The Fault In Our Stars by John Green


I know that this is so 2012 but I wouldn’t have read this book if there wouldn’t be a movie adaptation coming soon. The amount of facebook shares of the movie poster  is quite panicking too.

While I’m on my way on being a YA book believer, I felt betrayed upon finishing The Fault In Our Stars. Before I talk about why I’m a little disappointed on this, let me first mention that I did not purchase the book with my own money (good grief to my grumpy pockets right now). But it leaves me no right to rant so much about the story line and overly used quotes. I’ll honestly review it for a just a teeny bit anyway.

If we omit the profound dialogues of the characters, the outline of the story tastes bland to the tongue of my mind.

Here’s a love at first sight story of two ridiculously genius-speaking and beautiful but not twilight-sparkling cancer patients, Augustus and Hazel. Both are trying to be heroic for each other but will eventually  gamble their lives to know what comes after the story of An Imperial Affliction, the heroine’s favorite book. Unfortunately, its author Peter Van Houten turns out to be a jerk but the life-gambling-Amsterdam adventure wasn’t all for nothing. Because from that point on, their innocent love story turned steamy-but-not-to-the-point-of-getting-aroused-while-reading-it (unless if you have an amputee fetish). *spoiler alert* Just when you thought that their romance is in full bloom, John Green’s going to stab your heart by killing one character you wouldn’t expect (except that I kind of did). And the story ends on a letter about the Hazel Grace we already know.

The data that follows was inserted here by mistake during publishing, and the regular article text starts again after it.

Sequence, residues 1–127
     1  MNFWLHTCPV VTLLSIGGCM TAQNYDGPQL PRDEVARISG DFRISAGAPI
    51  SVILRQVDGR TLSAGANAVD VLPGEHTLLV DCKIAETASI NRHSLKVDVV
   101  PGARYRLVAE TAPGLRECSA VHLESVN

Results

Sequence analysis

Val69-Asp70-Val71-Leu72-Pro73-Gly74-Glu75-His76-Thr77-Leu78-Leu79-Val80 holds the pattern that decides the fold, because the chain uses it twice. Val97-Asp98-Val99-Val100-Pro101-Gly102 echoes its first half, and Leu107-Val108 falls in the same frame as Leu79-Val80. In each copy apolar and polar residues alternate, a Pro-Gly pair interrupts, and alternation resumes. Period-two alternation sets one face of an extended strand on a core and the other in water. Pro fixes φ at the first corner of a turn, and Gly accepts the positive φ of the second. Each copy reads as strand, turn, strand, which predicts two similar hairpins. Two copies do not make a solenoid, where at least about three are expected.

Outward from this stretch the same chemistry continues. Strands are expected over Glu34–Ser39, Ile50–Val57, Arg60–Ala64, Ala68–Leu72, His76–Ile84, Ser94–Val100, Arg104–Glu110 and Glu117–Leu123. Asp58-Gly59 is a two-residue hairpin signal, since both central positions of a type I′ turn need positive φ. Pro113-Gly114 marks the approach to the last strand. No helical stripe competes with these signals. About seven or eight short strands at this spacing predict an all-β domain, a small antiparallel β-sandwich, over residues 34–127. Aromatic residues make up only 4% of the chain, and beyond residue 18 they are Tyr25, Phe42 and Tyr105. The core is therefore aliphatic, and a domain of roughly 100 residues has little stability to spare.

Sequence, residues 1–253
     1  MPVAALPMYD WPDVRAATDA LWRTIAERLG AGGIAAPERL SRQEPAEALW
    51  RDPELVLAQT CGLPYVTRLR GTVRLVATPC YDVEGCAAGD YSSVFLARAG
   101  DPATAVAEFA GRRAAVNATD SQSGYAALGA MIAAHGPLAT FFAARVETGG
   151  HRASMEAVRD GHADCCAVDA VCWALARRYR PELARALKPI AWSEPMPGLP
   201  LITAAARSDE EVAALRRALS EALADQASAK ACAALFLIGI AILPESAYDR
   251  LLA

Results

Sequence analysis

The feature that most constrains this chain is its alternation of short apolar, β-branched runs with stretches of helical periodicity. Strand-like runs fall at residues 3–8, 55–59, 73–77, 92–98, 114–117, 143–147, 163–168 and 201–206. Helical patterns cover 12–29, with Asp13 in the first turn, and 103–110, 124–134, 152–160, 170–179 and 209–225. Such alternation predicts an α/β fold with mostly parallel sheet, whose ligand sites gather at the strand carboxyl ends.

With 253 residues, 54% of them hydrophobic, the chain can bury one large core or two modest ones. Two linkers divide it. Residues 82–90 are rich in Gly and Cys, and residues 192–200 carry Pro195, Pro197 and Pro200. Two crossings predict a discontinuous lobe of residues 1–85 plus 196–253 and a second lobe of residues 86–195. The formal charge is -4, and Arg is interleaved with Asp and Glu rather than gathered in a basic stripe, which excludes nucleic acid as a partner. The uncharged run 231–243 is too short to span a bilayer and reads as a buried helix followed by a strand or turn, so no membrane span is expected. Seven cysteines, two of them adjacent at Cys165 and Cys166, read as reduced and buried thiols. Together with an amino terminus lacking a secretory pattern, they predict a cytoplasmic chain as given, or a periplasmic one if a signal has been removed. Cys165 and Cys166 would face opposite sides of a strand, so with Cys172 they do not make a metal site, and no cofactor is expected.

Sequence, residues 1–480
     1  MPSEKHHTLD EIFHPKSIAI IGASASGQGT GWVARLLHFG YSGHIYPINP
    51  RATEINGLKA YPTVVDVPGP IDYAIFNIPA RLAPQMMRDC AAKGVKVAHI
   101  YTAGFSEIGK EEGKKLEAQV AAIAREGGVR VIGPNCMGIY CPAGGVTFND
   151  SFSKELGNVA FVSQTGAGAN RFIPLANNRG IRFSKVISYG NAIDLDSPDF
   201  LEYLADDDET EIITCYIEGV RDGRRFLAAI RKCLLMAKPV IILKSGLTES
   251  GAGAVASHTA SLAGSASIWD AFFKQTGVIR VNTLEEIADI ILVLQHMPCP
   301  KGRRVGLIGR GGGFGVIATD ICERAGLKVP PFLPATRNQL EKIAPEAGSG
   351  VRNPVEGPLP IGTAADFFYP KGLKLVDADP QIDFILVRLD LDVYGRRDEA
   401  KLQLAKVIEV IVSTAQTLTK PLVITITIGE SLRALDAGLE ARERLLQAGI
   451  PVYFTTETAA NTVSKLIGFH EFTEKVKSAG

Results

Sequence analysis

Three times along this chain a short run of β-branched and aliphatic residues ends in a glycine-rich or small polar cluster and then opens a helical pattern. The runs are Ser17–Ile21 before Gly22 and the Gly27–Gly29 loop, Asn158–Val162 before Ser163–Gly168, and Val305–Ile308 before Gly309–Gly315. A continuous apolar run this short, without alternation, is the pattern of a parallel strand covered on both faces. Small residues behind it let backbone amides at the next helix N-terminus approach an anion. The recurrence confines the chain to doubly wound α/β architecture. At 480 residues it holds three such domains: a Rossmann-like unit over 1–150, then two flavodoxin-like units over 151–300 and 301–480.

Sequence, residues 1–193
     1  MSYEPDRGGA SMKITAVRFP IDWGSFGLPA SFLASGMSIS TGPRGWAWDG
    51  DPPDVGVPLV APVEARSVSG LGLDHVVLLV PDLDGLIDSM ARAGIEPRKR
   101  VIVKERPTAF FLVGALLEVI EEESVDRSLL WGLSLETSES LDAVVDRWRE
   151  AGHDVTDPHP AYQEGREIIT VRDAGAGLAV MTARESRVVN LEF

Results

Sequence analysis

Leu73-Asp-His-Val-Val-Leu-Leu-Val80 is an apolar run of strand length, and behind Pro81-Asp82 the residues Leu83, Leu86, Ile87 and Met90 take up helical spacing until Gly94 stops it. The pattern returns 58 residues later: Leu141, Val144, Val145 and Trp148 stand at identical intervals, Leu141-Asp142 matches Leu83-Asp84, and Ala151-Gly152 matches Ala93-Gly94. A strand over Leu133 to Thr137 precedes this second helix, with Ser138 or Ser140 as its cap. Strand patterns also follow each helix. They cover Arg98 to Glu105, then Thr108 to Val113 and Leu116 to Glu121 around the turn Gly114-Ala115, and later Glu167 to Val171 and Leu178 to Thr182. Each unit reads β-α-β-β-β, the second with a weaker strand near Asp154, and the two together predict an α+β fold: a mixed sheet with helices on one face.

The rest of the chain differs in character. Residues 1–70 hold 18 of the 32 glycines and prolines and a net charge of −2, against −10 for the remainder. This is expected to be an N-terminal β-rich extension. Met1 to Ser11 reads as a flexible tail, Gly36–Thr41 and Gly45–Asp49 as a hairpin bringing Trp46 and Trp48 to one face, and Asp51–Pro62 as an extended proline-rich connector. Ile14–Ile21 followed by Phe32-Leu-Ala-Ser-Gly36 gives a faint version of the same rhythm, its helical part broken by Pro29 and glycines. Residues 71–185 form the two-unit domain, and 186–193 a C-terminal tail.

I’ve crossed my fingers that The Fault in our stars wouldn’t remind me of the movie “A walk to remember” on which I remember not crying; I was too young to understand how it feels. The plot twist of  The Fault… reminded me of the movie “Magnifico” instead; I feel like I’ve put on a blank face while reading it.

My final thoughts: I believe tragic stories doesn’t always have to end it death. However, I realized that maybe this isn’t supposed to be a tragic story but merely a romantic one. To be fair to those who love it, I think The Fault In Our Stars is good for its target audience. I could understand why it’s a well-loved book. A heartwarming love story that although not everyone can relate with, anyone can sympathize with it.

John Green didn’t hit the spot on my heart with this one, perhaps on Looking for Alaska?


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